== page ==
Not every jig needs to be complicated, and this jig is one of the simplest, yet most effective jigs you can make for cutting dados. It's ideal for anyone who wants to make a shelving unit and want to make sure the shelves are securly connected to the sides by having them inset into dado. The jig is quick and easy to set up, and it's variable, meaning you can use it for any depth of shelf you want and you don't even need to measure them, you can use the actual shelf that you have to set the width of the dado, then simple clamp the jig to your end boards and start cutting ... it's that easy.

Watch it on Youtube: https://youtu.be/GzWQdlmGtRQ

I made mine form 3/4 inch plywood because it's stable, thick and sturdy and won't easily (if at all) warp or crack, and will give me many, many years of service ...

 Most shelving units are about 12 inches wide, so I decided to make my jig slighly wider at 14" in case I wand something wider, so i started off with a piece of 3/4 plywood that was 14 wide by just over 20 inches long. I also needed a very straight piece of wood for the stopper at the front of the jig and chose a nice straight piece of Alder that was 1-1/2 inches wide and 3/4 inch thick and the same length as the plywood. I then ran this piece os wood through my joint to make sure it was absolutely straight.

router Jig

I then pre-drilled 4 holes in the stopper piece and attached one side only, to the bottom of my plywood base. I then used my carpenters square and made sure that the stopper piece was absolutely alighed using the carpenters square and was 90 degrees to the edge of my base. I then clamped the stopper piece to ensure it would not move during the process of inserting the remainger of the screws to fasten the stopper piece to the base.

When the stopper was attached I tool the whole unit to my table saw and found the center of the 20 inch wide board. Before you cut the board in half, take a moment to MARK where you are going to cut the board in half and mark each side. I used a couple of opposing arrows. These marks to to help you remember exactly which sides of the jig need to be together for the final dado cut.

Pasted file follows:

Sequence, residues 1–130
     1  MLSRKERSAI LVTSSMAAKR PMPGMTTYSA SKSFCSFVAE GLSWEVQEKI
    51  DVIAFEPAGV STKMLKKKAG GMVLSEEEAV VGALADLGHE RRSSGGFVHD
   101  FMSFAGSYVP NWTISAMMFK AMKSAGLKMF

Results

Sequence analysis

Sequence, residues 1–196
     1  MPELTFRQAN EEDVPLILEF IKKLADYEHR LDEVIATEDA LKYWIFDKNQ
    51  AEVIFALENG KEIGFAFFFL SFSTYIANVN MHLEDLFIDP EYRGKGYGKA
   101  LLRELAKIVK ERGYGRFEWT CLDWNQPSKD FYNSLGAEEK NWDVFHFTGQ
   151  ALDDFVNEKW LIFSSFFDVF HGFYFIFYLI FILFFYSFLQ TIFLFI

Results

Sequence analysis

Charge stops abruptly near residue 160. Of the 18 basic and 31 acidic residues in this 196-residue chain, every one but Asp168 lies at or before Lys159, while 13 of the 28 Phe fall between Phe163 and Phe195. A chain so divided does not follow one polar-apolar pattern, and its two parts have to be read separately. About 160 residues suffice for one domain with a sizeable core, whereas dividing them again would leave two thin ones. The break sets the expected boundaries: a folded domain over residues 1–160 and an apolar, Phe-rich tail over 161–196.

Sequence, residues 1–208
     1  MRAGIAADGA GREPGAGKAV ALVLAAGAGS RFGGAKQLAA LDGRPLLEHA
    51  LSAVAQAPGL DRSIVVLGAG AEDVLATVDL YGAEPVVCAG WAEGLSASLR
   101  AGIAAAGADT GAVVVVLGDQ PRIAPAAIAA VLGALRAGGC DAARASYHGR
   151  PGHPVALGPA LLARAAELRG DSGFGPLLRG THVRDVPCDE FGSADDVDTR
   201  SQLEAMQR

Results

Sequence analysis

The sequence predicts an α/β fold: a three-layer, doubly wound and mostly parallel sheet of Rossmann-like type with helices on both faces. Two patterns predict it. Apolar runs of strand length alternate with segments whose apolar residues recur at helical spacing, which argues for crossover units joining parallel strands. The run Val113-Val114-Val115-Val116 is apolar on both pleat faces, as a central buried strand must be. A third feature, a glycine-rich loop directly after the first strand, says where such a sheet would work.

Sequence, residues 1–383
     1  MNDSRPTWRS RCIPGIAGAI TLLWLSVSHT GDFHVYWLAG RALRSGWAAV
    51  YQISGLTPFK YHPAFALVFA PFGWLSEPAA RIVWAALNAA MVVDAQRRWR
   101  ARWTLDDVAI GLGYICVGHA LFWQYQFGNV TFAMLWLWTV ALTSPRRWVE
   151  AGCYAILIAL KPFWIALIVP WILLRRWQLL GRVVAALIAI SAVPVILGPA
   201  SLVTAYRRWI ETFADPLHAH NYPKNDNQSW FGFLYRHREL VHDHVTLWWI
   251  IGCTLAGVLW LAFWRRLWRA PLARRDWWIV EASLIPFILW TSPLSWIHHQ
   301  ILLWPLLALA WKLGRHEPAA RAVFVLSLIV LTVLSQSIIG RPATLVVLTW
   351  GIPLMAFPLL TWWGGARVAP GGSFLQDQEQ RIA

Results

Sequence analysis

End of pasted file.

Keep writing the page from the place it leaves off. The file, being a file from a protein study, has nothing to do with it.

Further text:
Dado jig

At this point I then cut the base in half, and with that the jig is basically finished.

Using the jig is about as simple as making it. You will need a "Top Mounted Bearing Router Bit" for this, some people call these dado bits, while others call them template bits and regardless what you call them do NOT confuse them with "Flush Trim Bits" which have the bearing on the bottom tip of the bit.

You will need to pre-set the depth of you cut after you insert the bit in your (unplugged) router. I usually make mine about 3/8 inch deep, which is about half the depth of a 3/4 inch board.

 The jig can be used to make through dados, that is, dados that run the entire width of the board, or you can make "stop dados", those which stop before the end of the board. With a stop dado, you will need to cut out a small notch in the shelf board so it sits neatly into the dado and runs flush with edge of the board, or you can make a stop dado and have the shelves sit back from the edge, and in some cases where you might be installing doors, this would be the preferred method.

The Simple Dado Jig is a self named, handy workshop addtion, easy to make, easy to use and gives great results and many, many years of service.

Copyright Colin Knecht
Woodworkweb.com

router dado jig

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